This week, we’re shifting away from New York City and moving Southwest to Houston, and the oil industry. As we go into 2016, the energy industry’s impact on commercial real estate is more acute than some would think. Because energy, specifically crude oil, is cheaper than it has been in a decade, the oil industry has seen an increase in layoffs and a lull in commercial real estate demand. The Bureau of Labor Statistics reported recently that energy prices are down more than 20 percent from 2014. JLL’s published report showed that office markets are in trouble, especially in Houston.

The JLL report findings quoted the following:

  • About half of the Houston economy is tied to the energy industry, and around 32 percent of its office space is taken by energy-related companies. Engineering specialty companies that cluster in Houston’s Energy Corridor have cut the most jobs lately. Those cuts, along with new space coming online in the Energy Corridor, the CBD, and other submarkets—started pre-2014, when the industry was flush—have led to a jump in vacancies.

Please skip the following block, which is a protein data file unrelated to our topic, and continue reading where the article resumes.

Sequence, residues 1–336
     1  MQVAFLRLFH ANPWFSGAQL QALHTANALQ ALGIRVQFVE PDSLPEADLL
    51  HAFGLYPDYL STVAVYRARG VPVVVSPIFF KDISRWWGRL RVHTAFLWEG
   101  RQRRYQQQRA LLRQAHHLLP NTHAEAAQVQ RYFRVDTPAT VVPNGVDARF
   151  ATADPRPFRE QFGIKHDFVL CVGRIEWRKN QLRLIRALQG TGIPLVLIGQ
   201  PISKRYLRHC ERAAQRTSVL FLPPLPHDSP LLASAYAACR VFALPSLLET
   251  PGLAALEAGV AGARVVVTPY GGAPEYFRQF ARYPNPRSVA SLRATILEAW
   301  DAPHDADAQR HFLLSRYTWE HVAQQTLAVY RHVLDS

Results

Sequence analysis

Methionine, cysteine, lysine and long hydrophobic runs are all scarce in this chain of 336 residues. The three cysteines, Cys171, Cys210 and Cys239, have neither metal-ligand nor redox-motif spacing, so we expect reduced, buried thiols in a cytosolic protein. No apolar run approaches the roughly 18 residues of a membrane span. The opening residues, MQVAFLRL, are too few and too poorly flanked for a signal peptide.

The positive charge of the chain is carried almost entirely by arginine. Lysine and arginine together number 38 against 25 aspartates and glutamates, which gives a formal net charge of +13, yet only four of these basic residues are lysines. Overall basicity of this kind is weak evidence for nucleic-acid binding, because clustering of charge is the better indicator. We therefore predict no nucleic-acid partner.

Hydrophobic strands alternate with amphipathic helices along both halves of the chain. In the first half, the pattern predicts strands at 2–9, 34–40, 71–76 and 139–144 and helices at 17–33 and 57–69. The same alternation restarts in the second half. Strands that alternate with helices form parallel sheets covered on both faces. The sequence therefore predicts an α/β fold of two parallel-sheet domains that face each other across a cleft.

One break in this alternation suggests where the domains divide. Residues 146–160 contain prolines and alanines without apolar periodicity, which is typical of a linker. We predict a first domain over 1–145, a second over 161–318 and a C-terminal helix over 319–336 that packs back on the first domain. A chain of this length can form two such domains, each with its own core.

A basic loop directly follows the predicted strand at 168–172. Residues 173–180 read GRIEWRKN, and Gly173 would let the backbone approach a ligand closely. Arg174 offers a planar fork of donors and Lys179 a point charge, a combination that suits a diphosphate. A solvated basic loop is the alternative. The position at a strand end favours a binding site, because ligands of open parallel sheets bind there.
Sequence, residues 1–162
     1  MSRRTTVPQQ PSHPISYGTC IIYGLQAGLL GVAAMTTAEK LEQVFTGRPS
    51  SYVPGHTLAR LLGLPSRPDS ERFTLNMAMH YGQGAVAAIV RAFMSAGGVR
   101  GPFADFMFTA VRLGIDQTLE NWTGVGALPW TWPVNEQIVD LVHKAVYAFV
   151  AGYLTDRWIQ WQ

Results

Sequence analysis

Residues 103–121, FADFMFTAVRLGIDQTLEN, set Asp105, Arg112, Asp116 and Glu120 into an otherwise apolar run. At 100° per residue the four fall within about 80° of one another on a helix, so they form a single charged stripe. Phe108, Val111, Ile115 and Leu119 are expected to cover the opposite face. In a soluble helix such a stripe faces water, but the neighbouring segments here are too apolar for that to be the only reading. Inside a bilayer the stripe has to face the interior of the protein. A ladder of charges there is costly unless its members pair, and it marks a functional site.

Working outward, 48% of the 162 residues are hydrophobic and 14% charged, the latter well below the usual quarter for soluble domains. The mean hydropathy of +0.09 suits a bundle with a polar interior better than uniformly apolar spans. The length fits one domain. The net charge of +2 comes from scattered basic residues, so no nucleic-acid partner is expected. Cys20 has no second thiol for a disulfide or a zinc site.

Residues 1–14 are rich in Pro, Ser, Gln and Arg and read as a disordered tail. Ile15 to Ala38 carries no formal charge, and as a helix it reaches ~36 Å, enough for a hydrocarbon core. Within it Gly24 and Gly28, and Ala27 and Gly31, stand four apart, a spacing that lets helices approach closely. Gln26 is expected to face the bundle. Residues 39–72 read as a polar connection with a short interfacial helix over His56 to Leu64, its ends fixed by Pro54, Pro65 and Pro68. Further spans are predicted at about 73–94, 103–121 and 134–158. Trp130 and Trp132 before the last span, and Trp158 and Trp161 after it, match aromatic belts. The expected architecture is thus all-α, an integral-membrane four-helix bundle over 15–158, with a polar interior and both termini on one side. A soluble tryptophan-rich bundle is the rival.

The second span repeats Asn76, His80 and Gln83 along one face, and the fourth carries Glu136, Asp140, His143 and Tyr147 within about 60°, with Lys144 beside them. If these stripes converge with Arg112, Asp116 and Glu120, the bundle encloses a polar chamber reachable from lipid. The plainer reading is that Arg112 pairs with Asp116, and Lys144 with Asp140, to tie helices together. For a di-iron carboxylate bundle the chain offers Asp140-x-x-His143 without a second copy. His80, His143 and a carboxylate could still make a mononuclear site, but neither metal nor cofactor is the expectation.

• In response, Houston landlords and energy companies wanting to sublease space are vying for tenants from other industries, such as tech, insurance and health care.
  • Other major U.S. office markets with significant exposure to the energy sector include metro Pittsburgh, Denver, and DFW, whose office inventory is 10.7 percent, 8.8 percent, and 9.4 percent occupied by energy concerns. These markets have fared better, partly because of the smaller exposure, partly because other industries (such as tech) are growing in those places.
  • Smaller energy-focused markets, such as Williston, N.D., and Hobbs, N.M., “have been devastated,” noted the report. Companies in those places are contracting or going out of business, though because of their size, the impact is strictly local.
  • This state of affairs probably won’t last. The report posited that as energy production continues to slow, lower prices (especially for oil) will eventually stimulate the demand for energy, and prices will rise again, perhaps as soon as next year. That will offer some relief to the office markets hit the hardest.

Though JLL’s report shows an insignificant impact to CRE in cities like New York, those steeped in energy (especially crude oil) will need to hope the price of oil per barrel rises before their CRE markets do.

For more news on real estate trends, visit JLL’s site

Sources

CP Executive